When HNTB founder Ernest Howard built the bridge in 1910 over the Colorado River linking North and South Congress Avenue in Austin, Texas, he was thinking in terms of Model A cars and horse carriages that would use the structure. But when it came time in 1981 to prepare the bridge and its foundation for V6 engines and buses, the Howard foundation design proved able to support the changes.
The Congress Avenue Bridge, design by HNTB founder Ernest Howard, opened in April 1910. Photo: HNTB
A highway department didn’t exist when the Congress Avenue Bridge was built. Congress was a state highway stretching from Austin to San Antonio. In building Congress Avenue Bridge (renamed in 2006 the Ann W. Richards Congress Avenue Bridge), which opened in April 1910, the governor wanted a bridge that wouldn’t wash out with the next flood.
In 1981, Richard Ridings (now of HNTB) was assistant public works director for the City of Austin and was tasked with addressing the Congress Avenue bridge. His first thought was to implode it because it had reached the end of its planned life. However, forensic analysis revealed that the foundation was “incredible.” It was clear that “someone had designed it with the long term in mind.”
As a structural engineer, Ridings was impressed by the thoughtfulness of the design and beauty of the bridge. More than 100 years later, those foundations are still there, which is rare in growing cities. Such bridges typically are widened and reconstructed every 75 years.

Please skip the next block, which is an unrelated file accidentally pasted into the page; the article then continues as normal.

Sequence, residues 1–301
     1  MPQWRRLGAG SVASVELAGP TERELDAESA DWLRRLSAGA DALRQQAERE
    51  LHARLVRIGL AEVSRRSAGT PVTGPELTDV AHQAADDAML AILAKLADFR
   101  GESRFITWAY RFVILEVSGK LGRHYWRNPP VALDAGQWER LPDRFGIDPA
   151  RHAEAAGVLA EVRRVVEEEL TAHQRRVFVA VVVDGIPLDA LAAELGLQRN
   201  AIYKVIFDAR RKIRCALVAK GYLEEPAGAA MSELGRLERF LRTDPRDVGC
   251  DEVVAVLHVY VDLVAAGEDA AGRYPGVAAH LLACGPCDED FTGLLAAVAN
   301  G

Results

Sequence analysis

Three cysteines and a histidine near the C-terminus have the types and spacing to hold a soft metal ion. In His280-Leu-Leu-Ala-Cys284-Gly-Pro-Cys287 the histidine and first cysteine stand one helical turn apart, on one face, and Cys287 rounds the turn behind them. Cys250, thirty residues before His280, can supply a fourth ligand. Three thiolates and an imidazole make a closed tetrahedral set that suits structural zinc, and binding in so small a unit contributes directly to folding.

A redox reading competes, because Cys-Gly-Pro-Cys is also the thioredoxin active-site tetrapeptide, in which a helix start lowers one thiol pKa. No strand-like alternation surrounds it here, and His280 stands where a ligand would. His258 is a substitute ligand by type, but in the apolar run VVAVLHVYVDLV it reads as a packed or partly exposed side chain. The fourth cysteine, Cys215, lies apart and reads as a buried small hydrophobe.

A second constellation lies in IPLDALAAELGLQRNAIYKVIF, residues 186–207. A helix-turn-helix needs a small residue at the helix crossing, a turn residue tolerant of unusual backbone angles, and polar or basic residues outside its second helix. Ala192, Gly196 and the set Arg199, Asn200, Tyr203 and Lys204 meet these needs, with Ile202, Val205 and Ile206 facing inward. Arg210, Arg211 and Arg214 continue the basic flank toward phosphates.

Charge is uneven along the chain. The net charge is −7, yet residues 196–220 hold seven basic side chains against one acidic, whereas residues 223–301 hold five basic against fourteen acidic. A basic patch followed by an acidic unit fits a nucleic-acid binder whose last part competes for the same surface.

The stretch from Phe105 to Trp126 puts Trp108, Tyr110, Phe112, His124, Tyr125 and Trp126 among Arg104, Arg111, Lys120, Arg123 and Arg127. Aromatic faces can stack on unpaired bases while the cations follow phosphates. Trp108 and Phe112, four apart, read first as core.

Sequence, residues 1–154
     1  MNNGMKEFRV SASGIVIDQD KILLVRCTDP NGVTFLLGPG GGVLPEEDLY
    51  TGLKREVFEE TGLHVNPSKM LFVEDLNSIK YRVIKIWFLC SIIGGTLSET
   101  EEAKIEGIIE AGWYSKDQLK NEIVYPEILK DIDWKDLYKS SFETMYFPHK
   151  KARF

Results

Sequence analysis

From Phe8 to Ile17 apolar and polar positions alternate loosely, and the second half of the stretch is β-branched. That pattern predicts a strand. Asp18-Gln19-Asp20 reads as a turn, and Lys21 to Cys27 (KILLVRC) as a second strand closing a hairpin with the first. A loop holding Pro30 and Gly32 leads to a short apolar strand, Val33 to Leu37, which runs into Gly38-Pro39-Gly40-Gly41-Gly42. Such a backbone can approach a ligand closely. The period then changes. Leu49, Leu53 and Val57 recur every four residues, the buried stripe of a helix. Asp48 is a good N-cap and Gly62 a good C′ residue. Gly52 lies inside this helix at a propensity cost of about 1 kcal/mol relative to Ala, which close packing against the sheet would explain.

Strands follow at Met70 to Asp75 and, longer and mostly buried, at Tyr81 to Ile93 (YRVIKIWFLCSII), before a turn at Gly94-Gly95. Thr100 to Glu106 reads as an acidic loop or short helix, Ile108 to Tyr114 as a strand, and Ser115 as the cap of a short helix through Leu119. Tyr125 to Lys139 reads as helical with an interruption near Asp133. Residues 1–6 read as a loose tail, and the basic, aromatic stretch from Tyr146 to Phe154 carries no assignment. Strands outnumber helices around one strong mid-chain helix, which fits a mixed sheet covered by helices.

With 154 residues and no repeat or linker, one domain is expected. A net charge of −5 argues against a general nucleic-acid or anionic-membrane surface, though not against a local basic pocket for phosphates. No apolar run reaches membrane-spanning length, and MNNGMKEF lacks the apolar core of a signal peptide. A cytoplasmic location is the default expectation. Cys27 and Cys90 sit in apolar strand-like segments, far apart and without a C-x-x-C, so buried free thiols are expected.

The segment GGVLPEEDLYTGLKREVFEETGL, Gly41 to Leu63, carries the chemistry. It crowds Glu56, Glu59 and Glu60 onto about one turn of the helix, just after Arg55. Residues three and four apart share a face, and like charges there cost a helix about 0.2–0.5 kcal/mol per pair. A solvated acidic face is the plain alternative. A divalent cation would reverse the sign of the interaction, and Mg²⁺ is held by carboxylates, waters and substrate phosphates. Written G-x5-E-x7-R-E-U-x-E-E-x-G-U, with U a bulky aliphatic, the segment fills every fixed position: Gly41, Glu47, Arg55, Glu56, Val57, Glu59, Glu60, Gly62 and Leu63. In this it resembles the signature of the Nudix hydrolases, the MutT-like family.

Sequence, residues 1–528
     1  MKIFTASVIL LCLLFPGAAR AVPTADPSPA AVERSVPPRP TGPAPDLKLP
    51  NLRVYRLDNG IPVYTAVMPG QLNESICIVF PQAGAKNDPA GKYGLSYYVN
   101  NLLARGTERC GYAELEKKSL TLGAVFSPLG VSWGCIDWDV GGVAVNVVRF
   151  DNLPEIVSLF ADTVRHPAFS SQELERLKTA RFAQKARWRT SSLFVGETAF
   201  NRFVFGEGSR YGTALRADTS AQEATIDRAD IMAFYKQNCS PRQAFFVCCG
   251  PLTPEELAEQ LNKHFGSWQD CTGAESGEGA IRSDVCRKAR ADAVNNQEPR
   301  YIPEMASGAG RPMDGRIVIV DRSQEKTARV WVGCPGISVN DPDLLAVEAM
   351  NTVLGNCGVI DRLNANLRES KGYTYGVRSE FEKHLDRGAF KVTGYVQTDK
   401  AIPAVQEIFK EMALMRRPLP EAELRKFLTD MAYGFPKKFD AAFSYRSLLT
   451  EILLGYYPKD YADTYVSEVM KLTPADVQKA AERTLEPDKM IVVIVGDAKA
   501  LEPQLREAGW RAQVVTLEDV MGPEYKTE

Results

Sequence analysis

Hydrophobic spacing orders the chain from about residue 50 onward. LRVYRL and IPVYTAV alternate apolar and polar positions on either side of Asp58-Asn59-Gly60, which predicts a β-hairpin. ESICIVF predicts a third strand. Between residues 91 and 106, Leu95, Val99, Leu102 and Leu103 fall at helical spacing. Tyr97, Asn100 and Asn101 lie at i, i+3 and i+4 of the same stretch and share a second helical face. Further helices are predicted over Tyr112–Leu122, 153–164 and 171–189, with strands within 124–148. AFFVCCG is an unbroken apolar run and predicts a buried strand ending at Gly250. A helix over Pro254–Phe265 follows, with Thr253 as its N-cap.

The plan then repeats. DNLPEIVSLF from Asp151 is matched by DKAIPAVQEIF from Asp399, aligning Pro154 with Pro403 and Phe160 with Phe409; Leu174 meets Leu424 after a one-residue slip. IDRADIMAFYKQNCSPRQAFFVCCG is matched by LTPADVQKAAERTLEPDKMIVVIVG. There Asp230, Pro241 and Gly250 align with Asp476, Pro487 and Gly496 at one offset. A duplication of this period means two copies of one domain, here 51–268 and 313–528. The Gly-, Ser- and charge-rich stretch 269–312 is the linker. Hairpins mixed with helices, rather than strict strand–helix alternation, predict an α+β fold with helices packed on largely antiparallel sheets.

Only one small section of the structure needed repair. The deck was expanded off of the original base and sidewalks were added. At the time of the update, the arch of the deck was changed, leaving openings between the beams, which is where the famous Congress Avenue bats now live. Previously, they lived in the cracks and crevices of a broken storm sewer pipe under Congress Ave., which was repaired around the same time.
According to Bat Conservation International, the Ann W. Richards Congress Avenue Bridge is now home to the world’s largest urban bat colony — as many as 1.5 million Mexican free-tailed bats emerge nightly (http://batcon.org/index.php/get-involved/visit-a-bat-location/congress-avenue-bridge.html).
Congress Avenue Bridge history and photos provided by HNTB (www.hntb.com). Send information about historical civil and structural engineering projects and engineers to Bob Drake at firstname.lastname@example.org.
Construction of the Congress Avenue Bridge in Austin, Texas. Photo: HNTB